Media & Tech Tuesday - To buy or to build, that is the question

  • Apr 2013
  • Media & Technology

We were delighted to recently host a conference, together with leading research house CIL, on creating and increasing value in the IT Services sector.

With speakers including Dominic Monkhouse of Peer 1 Hosting, Charles Cameron of CloudXL and Tom Kelly of Logicalis UK, and over 80 people in the room, there was a lively discussion from a range of different perspectives about what it takes to build and realise value.

In the first of a short series considering the themes explored at the conference, we explore the role of M&A within strategy in the IT services sector.

Over the next few weeks, we’ll post on some of the other themes explored, including:

  • advice on winning new business;
  • growing pains when reaching £10m revenue;
  • the importance of KPIs; and
  • where next for private equity in the IT services sector.

But now: M&A.

To buy or to build, that is the question

The growth strategy of certain corporates and PE-backed businesses often involves making acquisitions – indeed, ‘buy and build’ has been at the heart of many recent investments in the sector. But is it really the best way to grow?

Before even contemplating an acquisition, one needs to go back to basics and ask the question: what is our strategy? Making acquisitions can be a means to implement a strategy, but the answer “to make acquisitions” is not in itself a strategy (or at least, not a good one).

Yes, acquisitions can make sense if they deliver enhanced growth beyond what the core business can achieve on its own, or capture a strategically important asset or capability that is too costly or too difficult to build internally.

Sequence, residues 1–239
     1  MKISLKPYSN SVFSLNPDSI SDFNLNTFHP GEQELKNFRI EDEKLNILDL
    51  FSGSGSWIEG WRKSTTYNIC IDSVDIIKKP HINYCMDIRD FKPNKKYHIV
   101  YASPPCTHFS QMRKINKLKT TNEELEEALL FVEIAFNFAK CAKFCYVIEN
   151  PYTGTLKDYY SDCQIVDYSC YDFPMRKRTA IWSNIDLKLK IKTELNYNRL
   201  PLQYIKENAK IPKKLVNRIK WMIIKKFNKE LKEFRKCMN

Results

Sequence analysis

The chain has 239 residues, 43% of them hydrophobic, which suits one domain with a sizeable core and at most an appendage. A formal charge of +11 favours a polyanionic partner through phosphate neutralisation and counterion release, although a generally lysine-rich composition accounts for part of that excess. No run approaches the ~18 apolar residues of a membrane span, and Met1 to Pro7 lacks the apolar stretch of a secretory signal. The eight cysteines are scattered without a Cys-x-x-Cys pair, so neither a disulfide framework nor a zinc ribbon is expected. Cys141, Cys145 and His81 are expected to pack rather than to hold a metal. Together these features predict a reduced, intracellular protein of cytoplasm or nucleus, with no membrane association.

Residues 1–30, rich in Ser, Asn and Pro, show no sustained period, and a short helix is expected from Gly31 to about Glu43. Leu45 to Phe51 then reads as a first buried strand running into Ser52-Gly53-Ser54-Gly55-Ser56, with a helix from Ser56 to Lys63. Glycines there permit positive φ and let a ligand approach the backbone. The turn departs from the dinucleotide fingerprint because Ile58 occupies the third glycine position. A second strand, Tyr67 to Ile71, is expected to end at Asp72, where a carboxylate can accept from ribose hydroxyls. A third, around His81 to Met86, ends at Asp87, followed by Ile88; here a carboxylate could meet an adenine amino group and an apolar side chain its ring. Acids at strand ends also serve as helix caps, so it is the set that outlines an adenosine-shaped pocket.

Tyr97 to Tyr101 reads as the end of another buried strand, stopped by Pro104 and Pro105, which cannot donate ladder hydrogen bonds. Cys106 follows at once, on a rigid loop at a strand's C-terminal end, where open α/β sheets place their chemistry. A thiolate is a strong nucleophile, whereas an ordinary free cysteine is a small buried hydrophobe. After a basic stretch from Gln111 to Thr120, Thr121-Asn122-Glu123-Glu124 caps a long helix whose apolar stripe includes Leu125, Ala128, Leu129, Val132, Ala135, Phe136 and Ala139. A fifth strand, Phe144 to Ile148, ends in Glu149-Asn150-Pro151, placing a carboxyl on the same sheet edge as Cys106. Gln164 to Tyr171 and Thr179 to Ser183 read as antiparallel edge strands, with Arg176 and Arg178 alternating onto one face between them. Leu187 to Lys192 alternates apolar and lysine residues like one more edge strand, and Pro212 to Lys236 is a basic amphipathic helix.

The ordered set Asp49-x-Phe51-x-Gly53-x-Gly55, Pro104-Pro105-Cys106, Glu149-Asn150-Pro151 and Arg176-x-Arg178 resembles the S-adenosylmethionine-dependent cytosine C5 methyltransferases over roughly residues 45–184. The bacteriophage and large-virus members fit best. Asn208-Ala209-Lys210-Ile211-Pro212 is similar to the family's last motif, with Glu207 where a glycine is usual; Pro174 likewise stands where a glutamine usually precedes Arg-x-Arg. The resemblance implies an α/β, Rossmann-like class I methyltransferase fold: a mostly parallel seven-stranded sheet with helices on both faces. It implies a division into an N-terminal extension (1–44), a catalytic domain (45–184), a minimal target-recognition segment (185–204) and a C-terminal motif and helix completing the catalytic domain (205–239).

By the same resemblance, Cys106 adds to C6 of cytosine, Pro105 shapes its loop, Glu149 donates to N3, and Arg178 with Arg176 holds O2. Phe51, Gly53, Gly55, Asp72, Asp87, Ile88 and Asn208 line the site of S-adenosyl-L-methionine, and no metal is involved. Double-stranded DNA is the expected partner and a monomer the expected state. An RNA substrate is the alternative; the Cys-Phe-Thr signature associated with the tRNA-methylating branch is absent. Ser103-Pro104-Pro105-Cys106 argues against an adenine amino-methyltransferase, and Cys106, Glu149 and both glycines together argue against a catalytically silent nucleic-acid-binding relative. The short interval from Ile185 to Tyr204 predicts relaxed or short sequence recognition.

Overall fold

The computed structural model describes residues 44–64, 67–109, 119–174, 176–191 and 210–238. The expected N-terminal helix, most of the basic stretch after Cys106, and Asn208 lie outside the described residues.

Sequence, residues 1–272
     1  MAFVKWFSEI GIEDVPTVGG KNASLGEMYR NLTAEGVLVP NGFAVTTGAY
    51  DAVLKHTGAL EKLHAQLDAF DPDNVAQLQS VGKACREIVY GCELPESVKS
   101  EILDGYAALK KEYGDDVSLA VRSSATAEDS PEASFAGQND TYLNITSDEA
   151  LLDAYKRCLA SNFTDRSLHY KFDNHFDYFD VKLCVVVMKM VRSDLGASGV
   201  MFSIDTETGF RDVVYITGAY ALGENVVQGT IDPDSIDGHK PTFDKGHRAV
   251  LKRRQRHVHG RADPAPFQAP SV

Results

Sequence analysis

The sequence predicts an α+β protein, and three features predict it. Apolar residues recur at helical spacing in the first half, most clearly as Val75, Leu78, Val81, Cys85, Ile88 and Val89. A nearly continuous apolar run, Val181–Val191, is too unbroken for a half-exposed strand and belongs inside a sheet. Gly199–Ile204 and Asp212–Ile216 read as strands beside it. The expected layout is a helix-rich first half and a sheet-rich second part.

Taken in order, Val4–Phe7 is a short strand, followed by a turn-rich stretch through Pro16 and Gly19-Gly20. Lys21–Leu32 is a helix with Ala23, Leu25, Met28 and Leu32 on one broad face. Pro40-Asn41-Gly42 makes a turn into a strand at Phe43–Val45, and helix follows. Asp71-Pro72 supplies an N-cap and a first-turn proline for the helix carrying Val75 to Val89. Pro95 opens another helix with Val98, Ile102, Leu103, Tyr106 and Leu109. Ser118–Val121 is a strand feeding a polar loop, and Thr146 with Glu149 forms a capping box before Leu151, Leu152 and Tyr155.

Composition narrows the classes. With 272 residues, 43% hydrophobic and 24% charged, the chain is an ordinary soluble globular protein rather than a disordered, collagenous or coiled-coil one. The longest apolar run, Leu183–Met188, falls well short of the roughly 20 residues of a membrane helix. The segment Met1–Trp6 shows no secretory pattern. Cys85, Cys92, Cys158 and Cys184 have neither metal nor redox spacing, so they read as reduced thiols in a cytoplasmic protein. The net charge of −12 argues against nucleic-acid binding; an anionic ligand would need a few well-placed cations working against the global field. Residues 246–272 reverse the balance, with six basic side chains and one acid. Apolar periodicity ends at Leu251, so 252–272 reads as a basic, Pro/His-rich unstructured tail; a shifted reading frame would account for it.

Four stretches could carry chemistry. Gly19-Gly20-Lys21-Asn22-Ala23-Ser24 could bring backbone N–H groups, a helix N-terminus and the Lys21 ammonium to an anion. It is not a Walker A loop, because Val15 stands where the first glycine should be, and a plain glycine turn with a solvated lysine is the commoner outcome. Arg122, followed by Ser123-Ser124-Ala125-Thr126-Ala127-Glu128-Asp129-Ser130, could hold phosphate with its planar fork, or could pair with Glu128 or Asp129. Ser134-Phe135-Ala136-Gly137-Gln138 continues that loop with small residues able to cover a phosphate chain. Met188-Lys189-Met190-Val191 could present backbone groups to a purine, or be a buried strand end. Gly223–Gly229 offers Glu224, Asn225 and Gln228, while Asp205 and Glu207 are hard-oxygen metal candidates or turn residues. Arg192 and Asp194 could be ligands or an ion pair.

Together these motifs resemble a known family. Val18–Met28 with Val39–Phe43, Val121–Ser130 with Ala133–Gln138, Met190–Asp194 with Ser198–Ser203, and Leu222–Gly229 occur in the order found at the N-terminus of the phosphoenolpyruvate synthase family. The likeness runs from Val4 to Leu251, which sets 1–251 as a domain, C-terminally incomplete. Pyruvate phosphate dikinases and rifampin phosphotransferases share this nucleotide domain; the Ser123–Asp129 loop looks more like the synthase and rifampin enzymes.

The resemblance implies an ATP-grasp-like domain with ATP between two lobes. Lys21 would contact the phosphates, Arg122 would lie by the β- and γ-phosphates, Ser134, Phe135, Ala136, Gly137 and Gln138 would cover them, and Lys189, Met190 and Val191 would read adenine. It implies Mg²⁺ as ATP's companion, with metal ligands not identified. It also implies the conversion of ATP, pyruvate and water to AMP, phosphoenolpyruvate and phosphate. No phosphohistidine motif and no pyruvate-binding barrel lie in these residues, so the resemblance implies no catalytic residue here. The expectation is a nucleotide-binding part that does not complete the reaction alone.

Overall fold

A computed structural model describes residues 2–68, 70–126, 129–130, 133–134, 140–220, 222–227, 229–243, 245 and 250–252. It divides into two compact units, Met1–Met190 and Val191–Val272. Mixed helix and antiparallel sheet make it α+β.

Don’t forget your day job

But acquisitions are hugely time consuming. The search, acquisition process and post-deal integration are seriously distracting from the day job of actually running the business.

In addition, one can’t help but notice that a significant number of acquisitions fail to deliver on expectations – one only needs to look at the recent failure of 2e2 to see an example of a company that used acquisitions to grow but failed to integrate successfully.

Winning hearts and minds

A difference in culture is one of the most common reasons for this underperformance. It is much easier to hire new teams into organisations than integrate existing teams through acquisitions. You must put at least as much work into the integration process as the actual acquisition itself – you need to win the hearts and minds of the new teams if the acquisition stands any chance of being successful.

One simple way to check whether cultures will fit is to compare the formality of business processes – do the target’s employees simply phone their friends in other departments to get things done, or is there a formal process documenting the steps required? Successfully merging two businesses with different outlooks on processes is no mean feat.

So the next time you review your strategy…

The first choice should always be to build internally. If that’s not possible, or the rationale for making an acquisition is sufficiently strong, then buy – but buy judiciously.

Our IT Services conference was held at the Soho Hotel, London. Panellists were:


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